environment

A woman protesting the construction of the Dakota Access Pipeline who was wounded earlier this week might lose her arm as a result of the injury, her family says. Sophia Wilansky's injury is the most gruesome to date of the months-long standoff at Standing Rock, N.D.

"The doctor just said she may need as many as 20 surgeries over very many months to have any hope of saving her arm and her hand," Wilansky's father, Wayne Wilansky, told a group of reporters outside a Minneapolis hospital.

Wilson Sayre / WLRN

  Between air conditioning, lights and appliances, buildings consume a lot of energy. That high energy consumption requires high energy production --  from sources like coal and oil, which contribute to global warming and sea-level rise.

 

All of which threatens the future livability of Miami-Dade County. 

 

Mud From PortMiami Dredge Spurred Coral Die-Off, Study Finds

Nov 22, 2016
Pedro Portal / El Nuevo Herald

A new study has confirmed what federal wildlife officials long suspected: dredging at PortMiami to make way for massive new ships killed far more coral than the U.S. Army Corps of Engineers predicted.

Planning for a reservoir south of Lake Okeechobee is scheduled to begin in 2021. The reservoir is crucial to restoring the Everglades, and the project could get started sooner if funding were available.

The reservoir is aimed at restoring a more natural flow of water to the Everglades. The U.S. Army Corps of Engineers will work with the state on the project.

Florida scientists are calling on President-elect Donald Trump to acknowledge climate change as not a hoax.

The scientists are calling for a meeting with the president-elect who in tweets has described climate change as a hoax created by China or something based on faulty science.

The president elect of the United States is known as a climate change denier and that has some environmental activists saying now is the time to organize.

Florida conservation officials say a female panther has crossed a river, and it could be a big deal for the survival of the species.

Florida panthers are endangered — about 200 of the large cats live in south Florida, in an area that's less than 5 percent of their original range. If the animal is to thrive, it needs to do two things: expand its territory and breed.

Endangered Florida Panther Expands its Range

Nov 15, 2016

Florida wildlife authorities say the state's panther population is expanding beyond the endangered animal's primary habitat in southwest Florida.

For the first time in more than 40 years wildlife authorities have discovered evidence of a female Florida panther north of the Caloosahatchee River.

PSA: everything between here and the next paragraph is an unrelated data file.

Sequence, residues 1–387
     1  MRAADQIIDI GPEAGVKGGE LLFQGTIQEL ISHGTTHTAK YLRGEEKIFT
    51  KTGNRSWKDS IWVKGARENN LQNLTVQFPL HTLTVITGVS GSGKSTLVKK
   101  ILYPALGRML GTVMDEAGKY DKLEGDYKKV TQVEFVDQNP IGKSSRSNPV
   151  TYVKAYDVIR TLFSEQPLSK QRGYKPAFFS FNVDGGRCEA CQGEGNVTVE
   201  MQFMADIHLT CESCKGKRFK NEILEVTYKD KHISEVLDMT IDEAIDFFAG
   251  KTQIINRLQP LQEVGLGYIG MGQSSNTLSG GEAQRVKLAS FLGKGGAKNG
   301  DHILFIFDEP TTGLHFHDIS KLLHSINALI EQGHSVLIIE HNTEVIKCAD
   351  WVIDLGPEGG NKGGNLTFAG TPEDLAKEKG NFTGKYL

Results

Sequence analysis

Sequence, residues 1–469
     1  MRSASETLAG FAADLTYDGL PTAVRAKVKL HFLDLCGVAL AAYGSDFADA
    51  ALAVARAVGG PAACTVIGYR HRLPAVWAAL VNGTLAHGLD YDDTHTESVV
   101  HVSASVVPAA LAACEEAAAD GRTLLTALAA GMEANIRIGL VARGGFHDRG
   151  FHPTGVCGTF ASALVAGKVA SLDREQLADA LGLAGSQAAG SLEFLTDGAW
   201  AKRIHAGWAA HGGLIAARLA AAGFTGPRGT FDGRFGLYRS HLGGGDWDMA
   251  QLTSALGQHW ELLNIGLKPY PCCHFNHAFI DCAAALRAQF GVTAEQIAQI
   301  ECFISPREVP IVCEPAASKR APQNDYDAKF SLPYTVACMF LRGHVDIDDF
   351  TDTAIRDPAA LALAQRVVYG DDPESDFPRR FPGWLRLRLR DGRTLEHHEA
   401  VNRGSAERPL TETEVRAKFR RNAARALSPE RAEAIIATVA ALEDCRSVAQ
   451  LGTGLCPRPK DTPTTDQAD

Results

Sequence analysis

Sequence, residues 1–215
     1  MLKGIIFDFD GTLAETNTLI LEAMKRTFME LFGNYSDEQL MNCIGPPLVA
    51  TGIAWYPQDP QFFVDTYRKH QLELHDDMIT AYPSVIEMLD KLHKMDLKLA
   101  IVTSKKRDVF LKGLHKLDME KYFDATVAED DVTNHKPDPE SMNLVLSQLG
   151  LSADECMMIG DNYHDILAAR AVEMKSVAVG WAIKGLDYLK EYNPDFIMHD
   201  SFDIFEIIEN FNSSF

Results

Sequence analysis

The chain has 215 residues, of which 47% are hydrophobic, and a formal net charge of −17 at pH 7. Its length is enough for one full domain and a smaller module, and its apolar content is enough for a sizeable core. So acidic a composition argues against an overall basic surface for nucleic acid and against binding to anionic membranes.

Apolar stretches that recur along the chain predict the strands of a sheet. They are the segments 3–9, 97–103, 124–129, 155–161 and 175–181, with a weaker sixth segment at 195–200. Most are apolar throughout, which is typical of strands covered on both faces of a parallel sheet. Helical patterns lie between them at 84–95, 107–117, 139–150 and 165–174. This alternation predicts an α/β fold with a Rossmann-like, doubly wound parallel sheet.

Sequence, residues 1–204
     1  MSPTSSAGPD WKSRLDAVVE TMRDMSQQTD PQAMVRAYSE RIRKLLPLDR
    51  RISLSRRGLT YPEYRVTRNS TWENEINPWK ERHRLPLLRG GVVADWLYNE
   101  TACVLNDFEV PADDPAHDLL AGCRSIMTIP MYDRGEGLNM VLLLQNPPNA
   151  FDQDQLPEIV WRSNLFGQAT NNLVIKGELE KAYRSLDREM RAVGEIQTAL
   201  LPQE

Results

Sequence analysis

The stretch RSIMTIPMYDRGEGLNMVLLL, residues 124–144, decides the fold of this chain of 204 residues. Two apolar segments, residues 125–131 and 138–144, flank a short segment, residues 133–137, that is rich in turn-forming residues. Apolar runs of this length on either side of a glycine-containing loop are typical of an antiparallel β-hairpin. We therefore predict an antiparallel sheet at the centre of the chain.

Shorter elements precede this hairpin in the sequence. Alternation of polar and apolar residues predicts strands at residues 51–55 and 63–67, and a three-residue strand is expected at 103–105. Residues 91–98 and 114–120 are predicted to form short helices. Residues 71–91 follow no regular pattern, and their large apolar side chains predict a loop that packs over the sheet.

Sue Schaf / Fish and Wildlife Conservation Commission

Sea turtle nesting season  wrapped up at the end of October. The data is still being compiled, but initial reports indicate it was a particularly good year for one species.

"It was a great year for loggerheads this year, even with the storms," said Sue Schaf, a biologist with the Fish and Wildlife Conservation Commission.

Years of Living Dangerously/National Geographic Channel

What does Miami have in common with National Geographic and actor Jack Black?

 

The answer's not obvious: climate change.

 

Mark Hedden

It's easy to spot birders. They probably have binoculars and a field guide handy. And there’s a good chance they keep a list of which birds they’ve seen, when and where.

But there’s a rare subspecies of birder you can see in South Florida every fall at the Florida Keys Hawkwatch.

Those are counters.

A trial over a 26-year water fight between Florida and Georgia is underway before the U.S. Supreme Court.  A special master appointed by the court began hearing arguments Monday. 

Peter Haden / WLRN

A group concerned about the Florida’s water is taking its message on the road.

The Now-or-Neverglades bus tour rolled through the Town of Palm Beach on Monday. The Everglades Foundation kicked off the 12-day road trip last week to drum up support for building a water storage reservoir in the Everglades Agriculture Area - southwest of Belle Glade.

Toxic Algae Found To Be Growing Global Concern

Oct 26, 2016

New research shows toxic algae blooms like those that plagued Florida’s coastal estuaries this summer are a growing global problem.

Research from the U.S. Geological Survey shows toxic algae blooms have been reported nationwide and are implicated in human and animal illness and death in at least 43 states.

An invasive fern is at the heart of a dispute threatening a national wildlife refuge in the Florida Everglades. 

The South Florida Water Management District owns the Arthur R. Marshall Loxahatchee National Wildlife Refuge.

The U.S. Fish and Wildlife Service manages the 144,000-acre refuge, but now the water management district is threatening to terminate its 65-year lease. 

Pages